Again, you’d have to ask my brother. The only monkeys I’ve ever seen live in zoos. We ran the label ourselves. It was very primitive and great fun. Russell and I got through quite a few Pritsticks putting the artwork together. Gaye is H’s partner. We used their house as head office. It was just a little “thankyou” to her.

++ How involved were you in the Birmingham scene? I’ve noticed you were really close to The Sea Urchins, with members of them appearing in your record sleeves. Which other bands were good friends with you? Was it a friendly scene? Or did you have any problems with any bands?

Don’t think we were ever really aware of a scene. There were bands we shared the bill with who we admired. Pigbros were great. Bridget, Robert and James (Sea Urchins) were friends. I played with them very briefly in my mum’s front room. My sister has a family with James’s baby brother so there’s still a close connection. I’m off to London to see Bridget at the weekend.

++ You did gig a lot! What were your favourite gigs, those that you still remember vividly?

Aberdeen. Everybody’s fave. The power/lights failed but we played on. It was just great fun. Fantastic crowd.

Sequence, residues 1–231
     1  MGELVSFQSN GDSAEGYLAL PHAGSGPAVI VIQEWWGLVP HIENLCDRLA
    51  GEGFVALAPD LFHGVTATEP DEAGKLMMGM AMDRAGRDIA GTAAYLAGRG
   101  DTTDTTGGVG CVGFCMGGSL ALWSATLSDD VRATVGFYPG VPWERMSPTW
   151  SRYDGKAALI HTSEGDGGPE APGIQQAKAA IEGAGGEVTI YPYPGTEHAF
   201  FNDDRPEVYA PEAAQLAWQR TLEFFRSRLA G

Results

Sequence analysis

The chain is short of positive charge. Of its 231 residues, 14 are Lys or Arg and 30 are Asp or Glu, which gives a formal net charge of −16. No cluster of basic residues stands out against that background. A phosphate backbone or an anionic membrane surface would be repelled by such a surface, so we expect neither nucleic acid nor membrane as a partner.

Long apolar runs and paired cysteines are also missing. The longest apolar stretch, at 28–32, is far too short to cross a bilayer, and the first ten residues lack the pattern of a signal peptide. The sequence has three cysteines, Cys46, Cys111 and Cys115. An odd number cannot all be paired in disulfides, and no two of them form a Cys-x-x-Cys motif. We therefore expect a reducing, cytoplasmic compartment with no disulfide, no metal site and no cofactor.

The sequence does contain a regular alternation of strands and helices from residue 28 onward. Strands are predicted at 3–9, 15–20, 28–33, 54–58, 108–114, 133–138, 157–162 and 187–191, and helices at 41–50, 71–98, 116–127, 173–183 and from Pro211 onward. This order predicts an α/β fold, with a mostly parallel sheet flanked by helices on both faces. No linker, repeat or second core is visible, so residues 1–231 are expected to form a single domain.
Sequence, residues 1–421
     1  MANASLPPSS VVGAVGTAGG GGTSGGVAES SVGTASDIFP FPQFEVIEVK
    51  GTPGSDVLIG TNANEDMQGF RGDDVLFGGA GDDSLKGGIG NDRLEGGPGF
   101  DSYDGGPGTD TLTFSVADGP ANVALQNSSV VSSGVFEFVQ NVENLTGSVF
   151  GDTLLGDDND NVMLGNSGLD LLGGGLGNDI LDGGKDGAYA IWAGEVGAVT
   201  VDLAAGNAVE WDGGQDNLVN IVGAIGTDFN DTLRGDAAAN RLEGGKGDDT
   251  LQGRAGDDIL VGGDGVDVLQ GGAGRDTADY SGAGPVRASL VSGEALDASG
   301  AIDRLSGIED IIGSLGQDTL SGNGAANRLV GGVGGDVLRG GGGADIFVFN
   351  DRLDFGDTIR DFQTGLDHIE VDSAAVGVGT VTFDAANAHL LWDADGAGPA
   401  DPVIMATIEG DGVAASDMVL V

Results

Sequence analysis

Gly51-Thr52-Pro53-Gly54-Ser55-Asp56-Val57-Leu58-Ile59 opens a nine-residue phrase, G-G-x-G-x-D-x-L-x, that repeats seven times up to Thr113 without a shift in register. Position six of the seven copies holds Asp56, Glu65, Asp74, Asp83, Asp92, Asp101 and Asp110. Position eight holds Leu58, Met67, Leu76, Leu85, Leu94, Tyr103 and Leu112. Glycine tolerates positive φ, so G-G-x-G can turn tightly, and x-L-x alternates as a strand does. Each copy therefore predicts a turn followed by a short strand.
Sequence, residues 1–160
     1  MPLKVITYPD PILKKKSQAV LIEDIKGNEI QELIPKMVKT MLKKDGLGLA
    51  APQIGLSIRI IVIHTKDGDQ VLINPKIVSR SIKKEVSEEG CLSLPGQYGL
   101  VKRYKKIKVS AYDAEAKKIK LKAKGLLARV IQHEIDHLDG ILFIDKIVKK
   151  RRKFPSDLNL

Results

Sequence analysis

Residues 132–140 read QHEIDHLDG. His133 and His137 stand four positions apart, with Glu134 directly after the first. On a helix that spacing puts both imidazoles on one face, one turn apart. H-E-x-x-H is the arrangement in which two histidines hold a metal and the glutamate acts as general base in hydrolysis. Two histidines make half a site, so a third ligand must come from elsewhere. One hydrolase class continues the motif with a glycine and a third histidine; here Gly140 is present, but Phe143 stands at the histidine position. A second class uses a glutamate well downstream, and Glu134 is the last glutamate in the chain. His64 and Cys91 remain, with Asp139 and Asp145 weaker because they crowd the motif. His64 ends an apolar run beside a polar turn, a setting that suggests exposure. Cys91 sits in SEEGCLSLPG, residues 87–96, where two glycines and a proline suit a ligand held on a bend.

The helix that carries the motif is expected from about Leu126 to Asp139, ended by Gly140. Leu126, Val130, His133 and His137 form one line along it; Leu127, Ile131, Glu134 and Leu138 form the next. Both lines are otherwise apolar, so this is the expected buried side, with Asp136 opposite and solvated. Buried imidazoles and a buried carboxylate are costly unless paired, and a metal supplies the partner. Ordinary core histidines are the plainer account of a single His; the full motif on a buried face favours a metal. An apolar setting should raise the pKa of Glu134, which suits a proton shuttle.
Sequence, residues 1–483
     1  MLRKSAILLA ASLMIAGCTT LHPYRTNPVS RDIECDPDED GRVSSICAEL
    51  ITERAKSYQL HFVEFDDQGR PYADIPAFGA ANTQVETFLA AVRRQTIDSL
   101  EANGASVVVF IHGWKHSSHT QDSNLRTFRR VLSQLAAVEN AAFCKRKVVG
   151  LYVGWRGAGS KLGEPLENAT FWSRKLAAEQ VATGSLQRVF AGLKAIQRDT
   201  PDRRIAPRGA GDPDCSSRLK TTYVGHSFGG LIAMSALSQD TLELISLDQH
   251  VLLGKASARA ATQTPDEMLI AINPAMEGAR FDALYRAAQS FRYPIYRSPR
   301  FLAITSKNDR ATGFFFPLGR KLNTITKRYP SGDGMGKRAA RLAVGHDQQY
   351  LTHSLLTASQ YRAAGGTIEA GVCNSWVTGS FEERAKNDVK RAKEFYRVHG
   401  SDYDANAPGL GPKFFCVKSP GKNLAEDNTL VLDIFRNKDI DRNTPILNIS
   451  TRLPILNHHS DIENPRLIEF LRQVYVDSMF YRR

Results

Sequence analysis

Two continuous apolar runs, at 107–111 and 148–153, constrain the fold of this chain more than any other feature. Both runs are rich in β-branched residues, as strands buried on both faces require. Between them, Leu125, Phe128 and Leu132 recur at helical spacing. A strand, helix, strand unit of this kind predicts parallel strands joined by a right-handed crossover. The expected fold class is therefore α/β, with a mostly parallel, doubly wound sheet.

++ You were also part of the first flexi released by the legendary Sha La La! How did Throwaway ended on Matt Haynes label? Were you followers of his labels? Would you have liked to be in Sarah?

Pete: I haven’t a clue how we got on the flexi. I guess he asked us. I think we may have been more at home on Sarah but then if Chapter 22 hadn’t come along, we probably wouldn’t be talking to each other today.

++ How did you end up on Peel’s show?! Was that the biggest highlight of Mighty Mighty?

He played Monkey. That was the highlight as far as I was concerned. I remember Russell and I jumping up and down. Recording the sessions was fantastic. He insisted on introducing us on stage once. We still miss him. He can’t be replaced.

++When and how did you signed to Chapter 22 Records? Who were they?

Erm…1986? Craig Jennings…don’t think I spoke a word to him. I was very young and shy. I use that as an excuse quite a bit.

++ Early this decade you end up releasing all your back catalog on Vinyl Japan. Was there always interest from Japan? How rare are these CDs now? I’m still looking for copies of the BBC CD and “A Band from Birmingham”! How did you end up releasing in Vinyl Japan, an historic indie pop label!?

We had no idea we’d been picked up by them but were thrilled to be available on CD now as well as vinyl. Craig was behind it. Think it helped to claw back some of the studio costs for him. I don’t think we had much of a fanbase in Japan in the 80’s. It really was great to find out that people were still interested and listening. We’re trying to track down any remaining stock. We’ll let you know if we find anything!